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Archive for April, 2012


Little Red Riding Hood

I used this traditional tale to give a network of carers – who had never thought of themselves as creative writers – the opportunity to  reflect on character and consequences. They were empowered but the opportunities to listen, discuss, select and develop their own versions. This story opens up the possibilities of having choices, a voice and the means to express it.

The Story

Once upon a time, there was a lovely young woman named Little Red Riding Hood.  She lived with her mother in a cottage on the edge of a Forest. Her grandmother lived at the other side of the Forest but close enough to visit often with lots of lovely treats for her lovely granddaughter.

 

Then one very sad day, her mother told Little Red Riding Hood, “Your grandmother is not feeling very well today. Take these treats over to her – for a change! It will make her happy and she’ll feel better.”

 

Little Red Riding Hood set off carrying all the delicacies that her grandmother could wish for in her basket. The sun was shining and she knew her grandmother would enjoy the treats. She felt today would be a good day.

 

Then, on the forest path, she met a tall, strong stranger.

 

“Where are you going, my lovely?” asked the tall, strong stranger.

 

“To my grandmother’s cottage,” Little Red Riding Hood replied and explained how ill her grandmother was feeling.

 

“Oh, the poor dear old lady!” said the tall, strong stranger. “Why don’t you pick some flowers for her, too?”

 

“Now that would be a very good idea,” said Little Red Riding Hood – always willing to do that little bit extra.

 

So she spent the next few hours looking for all the most beautiful wild flowers of the Forest. And, although she grew very tired, she kept on looking – because she loved her grandmother very much.

 

Then she noticed the sun was almost completely gone. And, although the moon shone and the stars were out in the night sky – she could no longer see anything very well. The trees arched over her and the darkness frightened her.  So she ran to her grandmother’s cottage, hoping her grandmother would have a good fire lit and candles burning – as she usually did.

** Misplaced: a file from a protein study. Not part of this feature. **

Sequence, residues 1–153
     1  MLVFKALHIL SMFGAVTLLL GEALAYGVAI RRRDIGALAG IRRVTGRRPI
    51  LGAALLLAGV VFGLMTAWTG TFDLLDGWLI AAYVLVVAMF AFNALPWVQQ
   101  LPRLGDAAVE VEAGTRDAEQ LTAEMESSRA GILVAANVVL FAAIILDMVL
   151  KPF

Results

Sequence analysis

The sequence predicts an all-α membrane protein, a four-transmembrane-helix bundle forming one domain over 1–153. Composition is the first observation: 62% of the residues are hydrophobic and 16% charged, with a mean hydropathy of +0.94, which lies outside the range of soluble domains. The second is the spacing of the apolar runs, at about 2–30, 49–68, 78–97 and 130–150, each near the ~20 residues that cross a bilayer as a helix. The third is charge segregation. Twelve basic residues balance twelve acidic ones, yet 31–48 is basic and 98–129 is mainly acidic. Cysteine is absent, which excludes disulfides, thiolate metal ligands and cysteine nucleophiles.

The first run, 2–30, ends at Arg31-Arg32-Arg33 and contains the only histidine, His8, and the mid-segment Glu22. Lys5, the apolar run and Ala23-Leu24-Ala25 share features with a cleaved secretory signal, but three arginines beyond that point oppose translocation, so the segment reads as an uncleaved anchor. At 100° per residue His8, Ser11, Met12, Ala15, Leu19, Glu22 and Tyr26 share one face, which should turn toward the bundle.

But, when she arrived, all was dark and strange. If anything, the cottage was even darker and colder than the Forest.

 

“Of course,” the young girl remembered, “grandmother is ill.”

 

So she crept around the kitchen. She wanted to make the old woman a warm drink, light the fire and set the flowers in a vase where she could see them. Her poor sick grandmother could then have all the treats she had carried through the Forest especially for her.

 

 But – before she could arrange all this – Little Red Riding Hood heard a movement from the bed. And, candle in hand, she turned round.

 

What she saw terrified her!

 

“This illness – it’s so changed you, grandmother!” she cried. “What big eyes you have?”

“All the better to see you with?”

“What big hands you have?”

“All the better to grab you with!”

“What big teeth you have!”

“All the better to eat you with.”

 

And the much-changed grandmother leapt from the bed, seizing hold of the girl so tightly it hurt. Only then did she recognise the tall, strong stranger of the Forest.

 

“You are not Grandmother. You are the Wolf! What have you done with Grandmother?”

 

But the Wolf didn’t bother with explanations. He just swallowed Little Red Riding Hood whole.

 

However, inside the Wolf, she found her grandmother and the two women – the old and the very young – wept together. But tired, worn out by misery, neither had any idea what to do next.

 

Then, a hunter appeared  . . .

To empower the listeners, I stopped the story at this point and offered them a number of endings to choose from and the opportunity to develop their own.The rest of the session followed these lines.

A Happy Ending? Really?

Which of these endings do you think most likely?

Ending 1) but the hunter was too late.

 

Ending 2) The hunter drew out his hunting knife and fought with the Wolf. Then, when the Wolf was dead, the hunter heard the women cry out in his stomach. And the hunter cut open the Wolf and released them. He was glad he had done so when he saw how beautiful Little Red Riding Hood was. He married LRRH. And the grandmother and the mother then lived happily to the end of their days with Little Red Riding Hood and her hunter.

 

Ending 3) After such a heavy meal, the Wolf fell asleep and the hunter – hearing the women weeping inside the animal – cut open his stomach and released Little Red Riding Hood and her grandmother. Little Red Riding Hood then placed stones in the Wolf’s stomach. When the Wolf woke up, he tried to chase the old woman and her young grandaughter but the stones weighed him down and killed him.

Ending 4) What else could anyone have done to change the ending? James Thurber, in The Little Girl and the Wolf took out a gun from her basket and shot the predator. Do you have your own ideas how to end this story? Discuss in pairs.

After this, I invited members of the group to share what had come up for them – both in relation to the story and on a personal level. Any group enduring any distressing situation could benefit from the opportunities presented by this sort of story session.

 

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